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  SILAS E. MORSE, a prosperous carriage-maker and farmer, of New Woodstock, who has resided at this place for the past fifty-three years, was born in Wallingford, Conn., in 1824. His father, Street Hall Morse, also a native of that place, was born in 1781; died at Union, in the town of Cazenovia, in 1836, at the age of fifty-nine. The last-named was one of the two sons of Lyman Morse, who lived and died at Wallingford. In Medfield, Mass., there is a monument erected to the memory of the seven brothers, the progenitors of the family in this country, who came over from Old England to New England between the years 1635 and 1639. This is a very handsome monument, consisting of three fine marble shafts, the central one the tallest, and all mounted on one base. Upon it are given the names, ages, and deaths of each of the brothers, as follows: Samuel, born 1585; John, 1604; Anthony, 1606; William, 1608; Robert and Peter, twins; and Joseph.
  Street Hall Morse, the father of our subject, was a manufacturer of shooks, barrels, and so forth, and a farmer, his farm being situated on the Four Corners, near the old school-house where his son Silas took his early lessons in industry and book-lore. He was a man of large means at one time, but met with reverses, which led to his moving to Greene, Chenango County, and a year later to Union, where he died in 1837, when fifty-seven years of age. About the year 1800 he married Martha Bartholomew, by whom he had nine sons and two daughters. The mother died at Delphi, January 10, 1846, at the age of fifty-six. Of these eleven children but three now survive, namely: Martha, widow of Alfred Coleman, residing near Hartford, Conn., has one son; Harvey, a farmer of Fayetteville, Onondaga County, now seventy-one years of age, has one daughter; and Silas E. 
  The subject of this sketch was married October 30, 1851, to Miss Sarah J. Bell, who was born in Perry, Wyoming County, April 7, 1832, and is a daughter of Ralph and Emily (Moffat) Bell, the former of Oneida County, and the latter of New Woodstock. Mr. Bell is now an octogenarian, residing at Webster City, Ia. His wife died in the village of New Woodstock in 1862, when fifty-three years of age. They left six children, two sons and four daughters, all of whom survive, with the exception of one daughter, Hattie, who married D. D. Chase, of Webster City, Ia., where she died in 1844, aged forty-six, and leaving one son. The other members of the family, with the exception of Mrs. Morse, reside in the North-west. Mr. Morse served an apprenticeship of three years at his trade of wagon and carriage making with his wife's father, Mr. Bell, from 1840 to 1844, afterward becoming his partner, and later, in 1847, succeeding to the business. He has kept his shop running constantly for the last forty-six years, and has one man in his employ who has worked for him at the bench for the last thirty-two years, and one or two others who have worked for periods of twenty to thirty years.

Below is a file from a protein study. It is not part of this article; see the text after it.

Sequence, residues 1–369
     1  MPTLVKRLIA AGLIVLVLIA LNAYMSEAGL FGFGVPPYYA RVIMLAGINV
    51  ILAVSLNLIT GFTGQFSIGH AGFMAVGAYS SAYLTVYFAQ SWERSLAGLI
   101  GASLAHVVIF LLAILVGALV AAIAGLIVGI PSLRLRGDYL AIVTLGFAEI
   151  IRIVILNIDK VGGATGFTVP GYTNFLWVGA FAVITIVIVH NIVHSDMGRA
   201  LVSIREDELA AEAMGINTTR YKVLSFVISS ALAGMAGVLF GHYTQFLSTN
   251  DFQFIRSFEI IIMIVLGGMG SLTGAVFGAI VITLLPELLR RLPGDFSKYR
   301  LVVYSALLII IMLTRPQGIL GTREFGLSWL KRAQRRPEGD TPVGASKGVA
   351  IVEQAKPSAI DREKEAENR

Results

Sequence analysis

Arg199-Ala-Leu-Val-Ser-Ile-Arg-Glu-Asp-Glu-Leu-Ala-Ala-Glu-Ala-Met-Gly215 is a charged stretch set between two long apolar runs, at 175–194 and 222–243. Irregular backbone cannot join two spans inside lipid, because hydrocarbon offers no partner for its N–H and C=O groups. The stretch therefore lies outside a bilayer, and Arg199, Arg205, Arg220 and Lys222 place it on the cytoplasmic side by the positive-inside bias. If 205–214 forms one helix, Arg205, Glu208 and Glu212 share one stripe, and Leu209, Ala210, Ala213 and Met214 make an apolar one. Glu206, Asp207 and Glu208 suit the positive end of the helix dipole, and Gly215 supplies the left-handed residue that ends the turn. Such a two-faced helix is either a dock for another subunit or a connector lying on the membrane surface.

Mr. and Mrs. Morse are the parents oŁ one daughter, Hattie, wife of Richard L. Miller, of DeRuyter. She is a lady of great musical talent, and a graduate in piano music of the school of Professor Hinton, of Syracuse. She has one infant daughter, Belle. Mr. Morse is a Republican in politics, and has served as Postmaster of his village. He is one of the Trustees of the Baptist church, is also School Trustee, and holds the same office in connection with the cemetery. He is well preserved, and is still actively engaged in business, conducting his shop and managing his farm of thirty-eight acres in the village, on which his shop, dwelling, and three tenant houses stand. His farm house across the way was the first hotel in New Woodstock, and is now about seventy years old, but still in good repair. His first visit to New Woodstock was made when a barefooted boy of twelve, about two years after his father's removal from Connecticut, to attend the raising of the Methodist Episcopal church; and the circumstances are the more vividly impressed upon his memory as he was upon that occasion treated to a pair of shoes--an event in those days not to be lightly regarded, being of very infrequent occurrence.
  He began life without any capital save health, intelligence, and a good name. The latter, however, proved equal to a bank account, as he always found himself able to procure credit, when necessary, from any who knew him, and often from those who were acquainted with him only by reputation. He can look back over his past life with pride, conscious of the fact that the place he now holds in the confidence of his fellow-citizens is owing to his own habits of self-reliance, industry, perseverance, and rectitude. He believes that practice is better than preaching, and, though not a member of any church nor an adherent of any man-made creed, his moral influence and substantial support are always given to every useful and worthy enterprise calculated to promote the public good.

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